On the 3rd of June I ran a 45 minute workshop on emotional well-being to a group of year 9 students as part of their PSHE class at Swanlea Secondary School in East London. The talk covered a personal account of mental health struggles, with a specific focus on loneliness, stress and anxiety, family relations, suicide, bullying, racism, loss of identity, connection and faith, and also how to identify when you may be struggling and where to seek support. All topics were agreed with the school teacher prior to delivering the workshop.
I observed throughout the session that the young people were not as vocal, which makes sense as it was a sensitive topic, however they appeared contemplative. They engaged well in the written activities and asked brilliant questions towards the end. I provided them the Inspirited Minds booklet on ‘Supporting a friend with a mental illness’ and some young people had taken this away with them. Alhamdullilah.
The young people were also very curious and asked really interesting questions:
What causes mental health?
How often do you get angry?
Why does miss think I have mental health issue?
Why is mental health so important?
How does a person become angry or depressed?
When did you realise you wanted to help other people?
From this experience, it has taught me that the stigma still exists and that education around mental health and emotional wellbeing in the student population, particularly in secondary school, is really needed. It’s made me realise how important it is to support young people to identify and label what they are feeling, how they are coping, and encourage them to discover additional coping strategies. It’s also incredibly important to open up a non-judgmental space where they can discuss this comfortably.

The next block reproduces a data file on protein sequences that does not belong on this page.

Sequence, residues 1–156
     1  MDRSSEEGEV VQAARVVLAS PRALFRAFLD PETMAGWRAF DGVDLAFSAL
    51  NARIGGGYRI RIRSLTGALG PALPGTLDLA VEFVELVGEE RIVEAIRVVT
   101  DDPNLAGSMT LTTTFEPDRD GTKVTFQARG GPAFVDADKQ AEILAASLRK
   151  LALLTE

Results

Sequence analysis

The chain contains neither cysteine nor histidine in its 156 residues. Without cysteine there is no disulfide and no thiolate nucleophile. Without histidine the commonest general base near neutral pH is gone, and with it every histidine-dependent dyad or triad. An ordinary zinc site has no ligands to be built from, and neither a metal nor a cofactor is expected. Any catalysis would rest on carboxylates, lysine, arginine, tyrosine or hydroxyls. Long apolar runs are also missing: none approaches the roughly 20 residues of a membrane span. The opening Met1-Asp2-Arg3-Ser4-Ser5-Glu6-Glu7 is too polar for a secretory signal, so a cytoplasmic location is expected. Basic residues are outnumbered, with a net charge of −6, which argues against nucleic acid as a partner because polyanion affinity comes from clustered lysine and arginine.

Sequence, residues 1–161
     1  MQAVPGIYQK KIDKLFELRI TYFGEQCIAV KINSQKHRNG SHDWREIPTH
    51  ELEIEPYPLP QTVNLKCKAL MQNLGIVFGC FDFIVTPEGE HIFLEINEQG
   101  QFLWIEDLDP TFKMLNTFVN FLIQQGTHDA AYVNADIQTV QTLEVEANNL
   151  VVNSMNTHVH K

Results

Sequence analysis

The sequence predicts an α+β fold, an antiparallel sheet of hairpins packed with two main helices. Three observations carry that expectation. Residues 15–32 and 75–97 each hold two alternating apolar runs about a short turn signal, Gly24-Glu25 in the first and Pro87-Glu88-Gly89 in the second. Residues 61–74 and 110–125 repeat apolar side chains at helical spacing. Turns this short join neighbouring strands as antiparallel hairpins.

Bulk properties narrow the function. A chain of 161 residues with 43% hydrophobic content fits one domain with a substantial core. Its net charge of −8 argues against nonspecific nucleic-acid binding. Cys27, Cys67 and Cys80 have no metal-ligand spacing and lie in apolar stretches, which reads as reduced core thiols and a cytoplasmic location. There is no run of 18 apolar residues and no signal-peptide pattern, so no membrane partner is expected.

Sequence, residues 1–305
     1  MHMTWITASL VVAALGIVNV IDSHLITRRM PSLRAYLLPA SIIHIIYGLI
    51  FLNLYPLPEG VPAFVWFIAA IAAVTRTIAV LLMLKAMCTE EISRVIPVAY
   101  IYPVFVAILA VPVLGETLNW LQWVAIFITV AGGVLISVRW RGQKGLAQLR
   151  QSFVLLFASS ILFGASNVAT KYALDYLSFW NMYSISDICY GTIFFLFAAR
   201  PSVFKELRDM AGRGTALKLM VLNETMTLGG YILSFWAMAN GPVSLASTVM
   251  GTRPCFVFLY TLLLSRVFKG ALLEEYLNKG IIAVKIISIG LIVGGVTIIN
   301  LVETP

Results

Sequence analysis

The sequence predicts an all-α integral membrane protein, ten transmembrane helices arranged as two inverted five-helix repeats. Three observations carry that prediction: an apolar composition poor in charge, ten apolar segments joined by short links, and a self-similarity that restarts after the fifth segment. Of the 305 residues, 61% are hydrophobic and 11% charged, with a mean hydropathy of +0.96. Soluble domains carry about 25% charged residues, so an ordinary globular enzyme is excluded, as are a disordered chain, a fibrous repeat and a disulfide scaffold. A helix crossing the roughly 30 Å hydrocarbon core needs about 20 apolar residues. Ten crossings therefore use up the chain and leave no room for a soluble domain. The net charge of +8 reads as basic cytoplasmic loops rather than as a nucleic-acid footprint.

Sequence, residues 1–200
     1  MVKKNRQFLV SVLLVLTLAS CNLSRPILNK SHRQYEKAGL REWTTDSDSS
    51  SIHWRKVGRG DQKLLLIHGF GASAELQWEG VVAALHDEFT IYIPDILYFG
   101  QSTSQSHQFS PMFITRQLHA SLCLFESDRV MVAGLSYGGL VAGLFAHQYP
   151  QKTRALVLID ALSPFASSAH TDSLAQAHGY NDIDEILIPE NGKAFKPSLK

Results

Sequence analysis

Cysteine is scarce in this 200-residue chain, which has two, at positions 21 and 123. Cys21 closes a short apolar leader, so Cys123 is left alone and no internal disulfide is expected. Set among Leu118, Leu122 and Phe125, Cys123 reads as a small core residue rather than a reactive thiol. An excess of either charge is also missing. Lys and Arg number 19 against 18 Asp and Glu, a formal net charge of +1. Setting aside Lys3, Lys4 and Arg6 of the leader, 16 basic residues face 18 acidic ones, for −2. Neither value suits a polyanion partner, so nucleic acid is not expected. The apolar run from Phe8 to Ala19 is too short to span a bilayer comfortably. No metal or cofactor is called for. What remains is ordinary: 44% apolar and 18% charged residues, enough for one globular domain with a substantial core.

Top tips for Teachers: (1) Encourage your students to write questions and their thoughts on post-it notes in lessons that may cover sensitive topics/ emotional wellbeing. (2) Explain to them the reason of doing this (i.e. to find out how to best meet their needs/ improve lessons etc) and (3) ask them if that’s okay.
If you would like to get involved in raising awareness about mental health in your local community, we are looking to grow our outreach team to different cities around the country. We will ensure that you are fully trained and confident before running workshops & talks. Please visit our website for more information: https://inspiritedminds.org.uk/get-involved/vacancies/